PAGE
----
Video: Longtime Trapper Sticks His Hand in Trap to Prove It Isn’t Cruel
K.J. Houtman 02.04.15
Donnie Leonard runs a 30- to 40-mile trap run in Northern Utah during the winter season for coyotes, bobcats, fox, beaver, and mink. He traps because it gets him outdoors and connected to the wildlife, though not all of his friends understand it.
When he posted about trapping on Facebook or talked about it at work, some friends gave him a hard time. They called it “cruel” and accused Donnie of being “a caveman.” Some said they hoped he would “get caught in his own trap.”
So he shot a video putting his hand in a trap to show everyone it wasn’t cruel. The video has received more than 87,000 views as of this article’s publication.
Trapping is a type of hunting that’s as ingrained in our American heritage as almost any other tradition. The fur trade was the foundation of America’s westward expansion. Born and raised in Southern Utah, Leonard hunted and trapped with his father on the thousands of BLM acres available there. Then he left trapping for a while and he moved to the more populated area of Ogden in Northern Utah. Eventually trapping drew him back out, and he’s been at it for the last five years in the mountains outside Ogden.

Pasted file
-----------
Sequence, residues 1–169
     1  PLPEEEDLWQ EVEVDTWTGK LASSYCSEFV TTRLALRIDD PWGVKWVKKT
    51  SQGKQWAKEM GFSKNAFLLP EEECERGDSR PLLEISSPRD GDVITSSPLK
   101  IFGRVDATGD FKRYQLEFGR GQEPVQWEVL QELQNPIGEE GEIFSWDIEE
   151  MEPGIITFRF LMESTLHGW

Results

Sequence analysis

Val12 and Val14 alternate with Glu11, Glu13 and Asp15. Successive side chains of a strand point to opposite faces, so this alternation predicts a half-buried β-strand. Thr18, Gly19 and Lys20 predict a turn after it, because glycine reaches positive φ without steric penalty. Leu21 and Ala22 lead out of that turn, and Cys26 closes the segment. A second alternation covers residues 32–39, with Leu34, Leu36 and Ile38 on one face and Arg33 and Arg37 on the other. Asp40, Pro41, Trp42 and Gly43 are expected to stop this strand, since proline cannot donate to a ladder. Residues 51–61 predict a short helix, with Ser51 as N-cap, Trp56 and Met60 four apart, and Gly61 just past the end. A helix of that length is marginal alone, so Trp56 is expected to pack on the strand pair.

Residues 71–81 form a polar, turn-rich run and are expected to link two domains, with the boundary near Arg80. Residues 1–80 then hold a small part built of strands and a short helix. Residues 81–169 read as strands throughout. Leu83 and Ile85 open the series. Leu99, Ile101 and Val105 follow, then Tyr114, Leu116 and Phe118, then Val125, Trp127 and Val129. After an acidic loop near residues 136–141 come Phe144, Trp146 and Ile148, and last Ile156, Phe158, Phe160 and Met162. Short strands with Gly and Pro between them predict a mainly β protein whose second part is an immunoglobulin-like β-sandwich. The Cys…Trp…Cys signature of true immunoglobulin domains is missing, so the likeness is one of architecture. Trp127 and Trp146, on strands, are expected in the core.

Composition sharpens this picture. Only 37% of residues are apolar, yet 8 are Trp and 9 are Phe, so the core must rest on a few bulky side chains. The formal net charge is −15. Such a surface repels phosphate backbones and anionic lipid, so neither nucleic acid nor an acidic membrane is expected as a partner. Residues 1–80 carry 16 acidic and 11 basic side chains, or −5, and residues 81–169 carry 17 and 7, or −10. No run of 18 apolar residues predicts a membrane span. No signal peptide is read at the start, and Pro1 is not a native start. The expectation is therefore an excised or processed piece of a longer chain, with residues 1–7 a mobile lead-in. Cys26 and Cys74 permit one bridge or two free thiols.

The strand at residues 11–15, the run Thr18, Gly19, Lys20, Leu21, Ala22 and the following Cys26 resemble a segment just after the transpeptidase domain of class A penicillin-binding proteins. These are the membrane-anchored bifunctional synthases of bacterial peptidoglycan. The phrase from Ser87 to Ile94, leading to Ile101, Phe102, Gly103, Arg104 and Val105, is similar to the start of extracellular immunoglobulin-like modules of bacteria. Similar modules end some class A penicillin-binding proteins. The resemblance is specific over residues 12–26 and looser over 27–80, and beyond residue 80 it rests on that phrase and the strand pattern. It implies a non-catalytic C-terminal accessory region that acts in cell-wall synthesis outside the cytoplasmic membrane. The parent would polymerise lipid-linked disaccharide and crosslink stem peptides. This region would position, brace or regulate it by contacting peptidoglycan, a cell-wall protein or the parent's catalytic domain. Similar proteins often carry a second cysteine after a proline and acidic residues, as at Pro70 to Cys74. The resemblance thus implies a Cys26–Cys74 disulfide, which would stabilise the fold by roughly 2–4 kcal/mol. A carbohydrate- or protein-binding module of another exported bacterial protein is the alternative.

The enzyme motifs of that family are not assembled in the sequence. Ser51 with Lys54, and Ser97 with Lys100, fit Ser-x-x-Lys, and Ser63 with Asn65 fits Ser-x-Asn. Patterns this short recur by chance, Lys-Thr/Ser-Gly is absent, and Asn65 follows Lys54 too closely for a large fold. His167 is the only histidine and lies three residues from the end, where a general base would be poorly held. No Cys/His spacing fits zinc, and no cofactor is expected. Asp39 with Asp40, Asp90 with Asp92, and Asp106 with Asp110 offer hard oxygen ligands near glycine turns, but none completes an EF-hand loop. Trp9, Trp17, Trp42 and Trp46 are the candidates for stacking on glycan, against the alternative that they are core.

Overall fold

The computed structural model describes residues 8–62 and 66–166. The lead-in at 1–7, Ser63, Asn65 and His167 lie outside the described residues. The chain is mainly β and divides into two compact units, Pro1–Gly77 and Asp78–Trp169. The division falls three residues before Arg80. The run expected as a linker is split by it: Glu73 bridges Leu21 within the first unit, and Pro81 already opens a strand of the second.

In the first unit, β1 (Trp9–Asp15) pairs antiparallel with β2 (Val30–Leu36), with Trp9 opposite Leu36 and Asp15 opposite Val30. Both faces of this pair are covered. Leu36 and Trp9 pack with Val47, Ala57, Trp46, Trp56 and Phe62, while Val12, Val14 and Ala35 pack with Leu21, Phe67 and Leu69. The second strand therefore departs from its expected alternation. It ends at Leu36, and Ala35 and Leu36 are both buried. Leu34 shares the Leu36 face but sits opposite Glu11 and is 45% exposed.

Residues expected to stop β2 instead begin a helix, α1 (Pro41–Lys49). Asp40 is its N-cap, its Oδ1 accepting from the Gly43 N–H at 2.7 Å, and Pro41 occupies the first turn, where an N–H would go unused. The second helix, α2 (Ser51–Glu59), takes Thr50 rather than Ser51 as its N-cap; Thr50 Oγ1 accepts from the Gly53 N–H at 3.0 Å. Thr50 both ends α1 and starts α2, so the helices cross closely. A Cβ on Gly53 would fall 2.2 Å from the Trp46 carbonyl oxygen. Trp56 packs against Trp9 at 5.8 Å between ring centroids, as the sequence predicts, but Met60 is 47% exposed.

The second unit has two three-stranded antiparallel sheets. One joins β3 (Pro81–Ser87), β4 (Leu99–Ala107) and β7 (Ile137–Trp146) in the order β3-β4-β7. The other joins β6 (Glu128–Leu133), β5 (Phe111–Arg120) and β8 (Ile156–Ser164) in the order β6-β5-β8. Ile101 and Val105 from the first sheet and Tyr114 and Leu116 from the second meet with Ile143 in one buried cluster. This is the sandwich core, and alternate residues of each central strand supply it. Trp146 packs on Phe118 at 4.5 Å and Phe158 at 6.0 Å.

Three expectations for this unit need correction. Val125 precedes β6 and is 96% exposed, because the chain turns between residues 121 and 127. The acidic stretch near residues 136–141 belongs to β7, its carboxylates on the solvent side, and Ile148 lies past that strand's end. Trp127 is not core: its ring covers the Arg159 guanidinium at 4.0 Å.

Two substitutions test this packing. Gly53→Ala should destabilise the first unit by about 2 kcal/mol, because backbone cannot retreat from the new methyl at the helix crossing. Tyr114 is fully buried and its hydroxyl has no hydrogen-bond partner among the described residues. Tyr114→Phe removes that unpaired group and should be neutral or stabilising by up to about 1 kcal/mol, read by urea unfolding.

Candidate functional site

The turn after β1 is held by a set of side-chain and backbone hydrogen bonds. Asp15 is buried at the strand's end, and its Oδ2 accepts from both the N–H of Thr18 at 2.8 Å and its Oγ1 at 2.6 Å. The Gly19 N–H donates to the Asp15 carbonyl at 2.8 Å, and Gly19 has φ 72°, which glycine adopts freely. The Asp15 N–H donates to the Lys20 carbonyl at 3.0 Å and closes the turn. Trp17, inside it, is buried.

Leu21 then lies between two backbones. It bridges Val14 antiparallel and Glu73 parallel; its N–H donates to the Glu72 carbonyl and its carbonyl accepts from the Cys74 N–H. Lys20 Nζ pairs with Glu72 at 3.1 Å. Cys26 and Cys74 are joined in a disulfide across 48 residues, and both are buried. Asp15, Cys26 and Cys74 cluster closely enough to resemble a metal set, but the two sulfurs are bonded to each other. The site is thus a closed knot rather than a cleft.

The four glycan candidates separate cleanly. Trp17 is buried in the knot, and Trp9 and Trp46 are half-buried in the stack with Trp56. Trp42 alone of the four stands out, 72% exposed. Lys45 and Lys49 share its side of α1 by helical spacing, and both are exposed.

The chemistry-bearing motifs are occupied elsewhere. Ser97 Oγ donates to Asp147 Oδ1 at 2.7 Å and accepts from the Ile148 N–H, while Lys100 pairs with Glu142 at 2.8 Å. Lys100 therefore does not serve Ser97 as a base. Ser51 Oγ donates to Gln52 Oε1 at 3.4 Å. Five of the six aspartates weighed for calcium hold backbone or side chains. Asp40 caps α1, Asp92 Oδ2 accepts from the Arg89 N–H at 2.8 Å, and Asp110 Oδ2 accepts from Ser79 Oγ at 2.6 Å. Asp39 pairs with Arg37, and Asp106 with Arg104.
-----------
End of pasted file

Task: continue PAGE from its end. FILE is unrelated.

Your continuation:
“Trapping helps me scout for my hunting seasons and I enjoy shed hunting, too,” said Leonard, a 30-year-old purchaser for a trailer manufacturing company. “It’s a reason to get me outdoors and it is hardwired into my DNA. It gets me back to my roots.”
Perhaps the old traps of a century ago or even as recent as the ’60s or ’70s did hurt animals, but the design of today’s traps simply hold animals until the hunter arrives.
“There are a lot of regulations in place and manufacturers are making the traps with thicker jaws, offset and laminated that are a lot more humane,” said Donnie. Today’s traps do not cut off circulation and they don’t break animals’ bones. “I did the video to prove a point. It doesn’t hurt or break bones.”
It takes an incredible amount of commitment and work to run a set line. They must be checked every day (under most states’ regulations) and that can be hard work, especially on days with challenging weather conditions. But Leonard sticks it out nonetheless.
“I don’t ever want to be alienated from nature,” added Donnie Leonard. “We are a part of nature and have dominion over these animals. We have a responsibility to conserve and manage them as we see fit, with science […] and everything else.”
K.J. Houtman is the author of the award-winning Fish On Kids Books series, chapter books for eight- to 12-year-olds with adventures based around fishing, camping, and hunting. Her work is available at Amazon and local bookstores. Find out more at fishonkidsbooks.com.